Professor arrested after signing petition critical of Turkish government’s actions toward Kurdish residents
Baki Tezcan, an associate professor of history at UC Davis, was arrested in Istanbul, Turkey on June 26 for having signed a petition critical of the Turkish government three years ago. Tezcan has since been released and is awaiting his trial, which will take place on July 18.
Tezcan, who was traveling to Istanbul to conduct research, was one of 2,000 academics who signed a petition objecting to the Turkish government’s attacks on Kurdish settlements.
“The Turkish state has effectively condemned its citizens […] in the Kurdish provinces to hunger through its use of curfews that have been ongoing for weeks,” the petition said. “It has attacked these settlements with heavy weapons and equipment that would only be mobilized in wartime.”
The petition further alleged that the government of Turkey participated in a “deliberate and planned massacre” of Kurdish residents. The Turkish government said the petition was propaganda from a Kurdish terrorist organization. They apparently requested that the U.S. Department of Justice question Tezcan, but it refused.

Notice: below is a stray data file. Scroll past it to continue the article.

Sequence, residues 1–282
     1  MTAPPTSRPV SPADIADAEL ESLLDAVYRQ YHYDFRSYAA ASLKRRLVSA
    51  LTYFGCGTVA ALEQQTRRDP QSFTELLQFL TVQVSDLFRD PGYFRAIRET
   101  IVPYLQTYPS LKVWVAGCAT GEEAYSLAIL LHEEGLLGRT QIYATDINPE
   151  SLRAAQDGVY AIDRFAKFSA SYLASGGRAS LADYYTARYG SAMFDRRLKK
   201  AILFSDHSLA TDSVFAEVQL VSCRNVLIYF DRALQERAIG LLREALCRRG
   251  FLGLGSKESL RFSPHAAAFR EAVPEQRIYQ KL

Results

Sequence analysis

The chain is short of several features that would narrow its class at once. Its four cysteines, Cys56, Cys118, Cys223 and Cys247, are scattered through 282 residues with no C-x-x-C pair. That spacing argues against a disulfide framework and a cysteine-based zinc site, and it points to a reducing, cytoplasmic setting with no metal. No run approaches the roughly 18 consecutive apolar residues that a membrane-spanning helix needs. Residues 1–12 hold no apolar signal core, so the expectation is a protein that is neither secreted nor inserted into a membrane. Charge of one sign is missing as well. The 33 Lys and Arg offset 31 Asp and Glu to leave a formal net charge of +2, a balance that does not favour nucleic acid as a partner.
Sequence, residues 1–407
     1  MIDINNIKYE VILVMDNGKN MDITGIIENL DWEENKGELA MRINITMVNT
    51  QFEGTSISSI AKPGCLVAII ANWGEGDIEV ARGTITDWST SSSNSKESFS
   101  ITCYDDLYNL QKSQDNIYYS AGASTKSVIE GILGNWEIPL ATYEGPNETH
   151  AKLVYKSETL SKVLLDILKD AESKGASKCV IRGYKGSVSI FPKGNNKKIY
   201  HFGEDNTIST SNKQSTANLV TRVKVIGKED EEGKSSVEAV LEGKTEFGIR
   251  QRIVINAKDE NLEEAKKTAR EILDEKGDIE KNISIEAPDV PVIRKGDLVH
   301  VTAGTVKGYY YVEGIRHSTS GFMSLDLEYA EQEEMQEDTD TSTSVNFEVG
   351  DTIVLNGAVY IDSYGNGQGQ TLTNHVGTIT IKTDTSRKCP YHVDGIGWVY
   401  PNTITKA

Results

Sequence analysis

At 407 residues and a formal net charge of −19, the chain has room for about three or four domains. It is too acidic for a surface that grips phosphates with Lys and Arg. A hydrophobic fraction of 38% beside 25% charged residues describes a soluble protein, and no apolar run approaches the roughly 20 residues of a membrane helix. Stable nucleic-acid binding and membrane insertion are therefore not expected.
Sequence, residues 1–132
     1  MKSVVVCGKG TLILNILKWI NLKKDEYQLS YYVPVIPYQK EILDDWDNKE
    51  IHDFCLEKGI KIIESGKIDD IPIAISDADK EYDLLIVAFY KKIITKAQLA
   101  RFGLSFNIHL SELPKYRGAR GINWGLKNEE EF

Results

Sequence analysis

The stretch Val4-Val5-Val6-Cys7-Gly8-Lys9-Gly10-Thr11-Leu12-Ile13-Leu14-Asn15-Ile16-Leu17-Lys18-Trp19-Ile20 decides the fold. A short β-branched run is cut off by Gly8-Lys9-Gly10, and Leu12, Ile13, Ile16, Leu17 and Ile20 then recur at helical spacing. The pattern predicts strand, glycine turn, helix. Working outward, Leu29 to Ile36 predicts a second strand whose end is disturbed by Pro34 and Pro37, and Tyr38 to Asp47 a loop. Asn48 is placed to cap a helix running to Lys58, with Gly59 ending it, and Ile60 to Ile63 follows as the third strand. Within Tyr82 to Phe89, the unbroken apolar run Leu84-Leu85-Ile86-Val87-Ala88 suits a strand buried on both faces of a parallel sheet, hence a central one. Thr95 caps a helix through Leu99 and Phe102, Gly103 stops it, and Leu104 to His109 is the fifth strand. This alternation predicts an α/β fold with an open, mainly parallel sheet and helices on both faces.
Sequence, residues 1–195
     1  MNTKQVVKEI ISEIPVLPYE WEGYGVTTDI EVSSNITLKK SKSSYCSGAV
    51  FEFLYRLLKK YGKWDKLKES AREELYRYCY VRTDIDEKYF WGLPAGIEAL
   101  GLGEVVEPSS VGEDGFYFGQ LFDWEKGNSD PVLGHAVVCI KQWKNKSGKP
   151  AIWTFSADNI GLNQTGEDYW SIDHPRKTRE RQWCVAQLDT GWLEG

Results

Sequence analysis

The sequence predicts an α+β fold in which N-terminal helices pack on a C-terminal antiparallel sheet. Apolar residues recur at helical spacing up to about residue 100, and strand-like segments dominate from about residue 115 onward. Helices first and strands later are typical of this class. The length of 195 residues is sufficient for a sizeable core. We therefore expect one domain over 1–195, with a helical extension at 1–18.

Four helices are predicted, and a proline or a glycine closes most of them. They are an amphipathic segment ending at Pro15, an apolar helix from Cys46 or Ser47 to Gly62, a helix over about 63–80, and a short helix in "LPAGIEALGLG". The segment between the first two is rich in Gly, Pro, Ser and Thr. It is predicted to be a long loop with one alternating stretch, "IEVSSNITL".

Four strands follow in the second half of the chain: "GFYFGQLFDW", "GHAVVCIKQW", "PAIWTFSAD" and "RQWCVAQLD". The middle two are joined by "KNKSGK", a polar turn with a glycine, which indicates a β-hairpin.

The UC Davis professor was taken aside for questioning immediately upon arriving at the airport in Istanbul, according to The Sacramento Bee. He had received his indictment in May of 2018, but believed that the government would initially focus on prosecuting signatories living in Europe or Turkey.
Tezcan may be the first Turkish American charged. Academics for Peace, the group that helped organize the petition, said 765 signatories were charged as of July 4. Tezcan plans to continue his research despite this.
“I really appreciate all the messages of support I received from the UC Davis community since my brief arrest […] and am looking forward to [being] back on campus in August after my research trip,” Tezcan said via email.
In the interim, the university acknowledges the situation Tezcan faces.
“We will support our colleague and hope for a swift and positive resolution,” said Chancellor Gary May in an email to The California Aggie.
Tezcan’s arrest comes at a time of increased political dissent in Turkey. According to the BBC, the Turkish government has purged “soldiers, police, and academics” from the professional sphere following a military faction’s failed coup d’état in July 2016. Longtime President Recip Tayyip Erdogan has put approximately 160,000 people in jail.
The recent election of Istanbul’s new mayor, Ekrem Imamoglu, is a challenge to Erdogan’s power, according to the New York Times. Imamoglu plans to push against Erdogan’s “authoritarianism” and bring “democracy and fairness” to Turkey. The U.S. State Department currently advises visitors to “reconsider trips to Turkey due to terrorism and arbitrary detentions.”
Written by: Rebecca Bihn-Wallace — firstname.lastname@example.org